and dismissed it, without prejudice, pursuant to 28 U.S.C. § 1915(e). Therefore, plaintiff has
necessarily failed to show, for purposes of justifying preliminary injective relief, any likelihood
of success on the merits of her claims at this time. Moreover, Plaintiff has not alleged the type of
immediate and irreparable harm necessary for an injunction to issue. To meet Federal Rule of
PAGE 5 -ORDER
Civil Procedure 65's "irreparable injury" requirement, plaintiff must do more than simply allege
imminent hatm; she must demonstrate it. Caribbean lvfarine Servs. Co., Inc. v. Baldridge, 844
F.2d 668, 674 (9th Cir. 1988). This requires that she allege "specific facts in an affidavit or a
verified complaint [which] clearly show" a credible threat of "immediate and irreparable injury,
loss or damage." Fed R. Civ. P. 65(b)(A).
A preliminary injunction is an extraordinary remedy never awarded as of right. Winter,
555 U.S. at 23. Given the status of plaintiffs pleadings and the lack of notice to the named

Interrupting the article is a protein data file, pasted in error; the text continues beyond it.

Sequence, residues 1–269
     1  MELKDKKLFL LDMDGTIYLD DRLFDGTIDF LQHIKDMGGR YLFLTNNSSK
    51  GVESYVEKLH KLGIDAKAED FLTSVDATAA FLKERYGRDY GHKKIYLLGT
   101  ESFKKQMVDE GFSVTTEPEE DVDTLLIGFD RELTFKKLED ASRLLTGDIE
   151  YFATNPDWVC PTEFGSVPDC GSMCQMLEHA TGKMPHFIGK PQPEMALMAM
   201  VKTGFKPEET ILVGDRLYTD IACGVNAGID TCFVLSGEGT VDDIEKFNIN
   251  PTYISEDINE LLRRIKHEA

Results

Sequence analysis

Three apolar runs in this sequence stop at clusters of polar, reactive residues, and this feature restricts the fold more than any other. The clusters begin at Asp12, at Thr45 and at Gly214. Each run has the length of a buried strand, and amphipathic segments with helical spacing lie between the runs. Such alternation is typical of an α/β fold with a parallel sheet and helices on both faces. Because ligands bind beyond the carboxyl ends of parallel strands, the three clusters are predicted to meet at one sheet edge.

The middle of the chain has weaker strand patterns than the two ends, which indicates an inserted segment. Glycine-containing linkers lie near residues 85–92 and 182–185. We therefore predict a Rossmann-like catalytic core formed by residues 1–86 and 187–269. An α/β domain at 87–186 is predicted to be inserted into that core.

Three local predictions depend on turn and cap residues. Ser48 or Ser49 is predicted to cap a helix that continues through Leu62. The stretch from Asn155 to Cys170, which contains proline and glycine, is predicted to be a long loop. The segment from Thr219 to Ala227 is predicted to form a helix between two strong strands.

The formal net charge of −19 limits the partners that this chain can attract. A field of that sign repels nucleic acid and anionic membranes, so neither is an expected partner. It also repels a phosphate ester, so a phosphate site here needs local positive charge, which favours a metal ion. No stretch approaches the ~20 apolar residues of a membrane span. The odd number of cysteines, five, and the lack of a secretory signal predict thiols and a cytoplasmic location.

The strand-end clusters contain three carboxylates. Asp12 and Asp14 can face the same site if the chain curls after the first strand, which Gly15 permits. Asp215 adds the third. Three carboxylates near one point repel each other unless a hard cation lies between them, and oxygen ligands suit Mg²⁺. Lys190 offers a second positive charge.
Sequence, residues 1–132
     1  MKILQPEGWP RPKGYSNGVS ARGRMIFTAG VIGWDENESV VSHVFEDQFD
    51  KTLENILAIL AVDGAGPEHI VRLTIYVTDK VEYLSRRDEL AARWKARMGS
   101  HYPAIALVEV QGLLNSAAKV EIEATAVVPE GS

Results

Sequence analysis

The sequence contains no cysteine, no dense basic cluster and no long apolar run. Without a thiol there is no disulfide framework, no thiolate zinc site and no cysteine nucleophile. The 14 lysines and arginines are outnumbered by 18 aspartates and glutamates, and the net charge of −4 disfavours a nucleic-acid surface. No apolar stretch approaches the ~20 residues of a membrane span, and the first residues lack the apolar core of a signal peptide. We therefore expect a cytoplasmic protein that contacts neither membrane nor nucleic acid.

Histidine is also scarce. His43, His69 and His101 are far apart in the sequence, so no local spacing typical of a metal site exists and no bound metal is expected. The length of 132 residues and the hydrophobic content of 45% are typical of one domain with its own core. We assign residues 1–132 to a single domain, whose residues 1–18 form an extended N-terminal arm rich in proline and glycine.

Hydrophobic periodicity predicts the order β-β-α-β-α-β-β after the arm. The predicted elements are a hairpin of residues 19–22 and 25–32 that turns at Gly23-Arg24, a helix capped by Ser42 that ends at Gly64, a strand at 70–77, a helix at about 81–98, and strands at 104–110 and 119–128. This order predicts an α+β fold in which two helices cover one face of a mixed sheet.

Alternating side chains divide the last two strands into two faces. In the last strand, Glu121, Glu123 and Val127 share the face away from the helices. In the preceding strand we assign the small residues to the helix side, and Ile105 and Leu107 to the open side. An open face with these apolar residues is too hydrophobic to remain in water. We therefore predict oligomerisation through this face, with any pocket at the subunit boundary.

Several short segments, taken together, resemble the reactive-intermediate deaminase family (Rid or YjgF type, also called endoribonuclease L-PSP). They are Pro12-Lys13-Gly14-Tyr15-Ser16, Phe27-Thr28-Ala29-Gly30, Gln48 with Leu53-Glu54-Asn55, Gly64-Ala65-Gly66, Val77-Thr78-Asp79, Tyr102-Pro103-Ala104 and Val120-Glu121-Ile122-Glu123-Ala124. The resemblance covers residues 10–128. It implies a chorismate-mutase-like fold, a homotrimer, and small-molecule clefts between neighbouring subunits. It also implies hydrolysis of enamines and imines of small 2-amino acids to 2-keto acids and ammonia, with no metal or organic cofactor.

defendants, a preliminary injunction shall not be ordered at this time.
For the reasons stated above, plaintiffs' Motion for Preliminary Injunction (doc. 21) is
DENIED. Further, Plaintiffs amended complaint is DISMISSED, without prejudice. Plaintiff
is allowed 30 days from the date of this order to file a complaint that complies with the
requirements of Fed R. Civ. P. 8(a). Failure to file an amended complaint as ordered will result
in the dismissal of this action, with prejudice.
The Court sua sponte orders a pro bono
appointment of counsel be made for the specific and limited purpose of reviewing the case with
plaintiff and discussing options to proceed. This appointment shall not exceed 3 hours in length.
IT IS SO ORDERED .
Dated this oZ/ day of September, 2017.
United States District Judge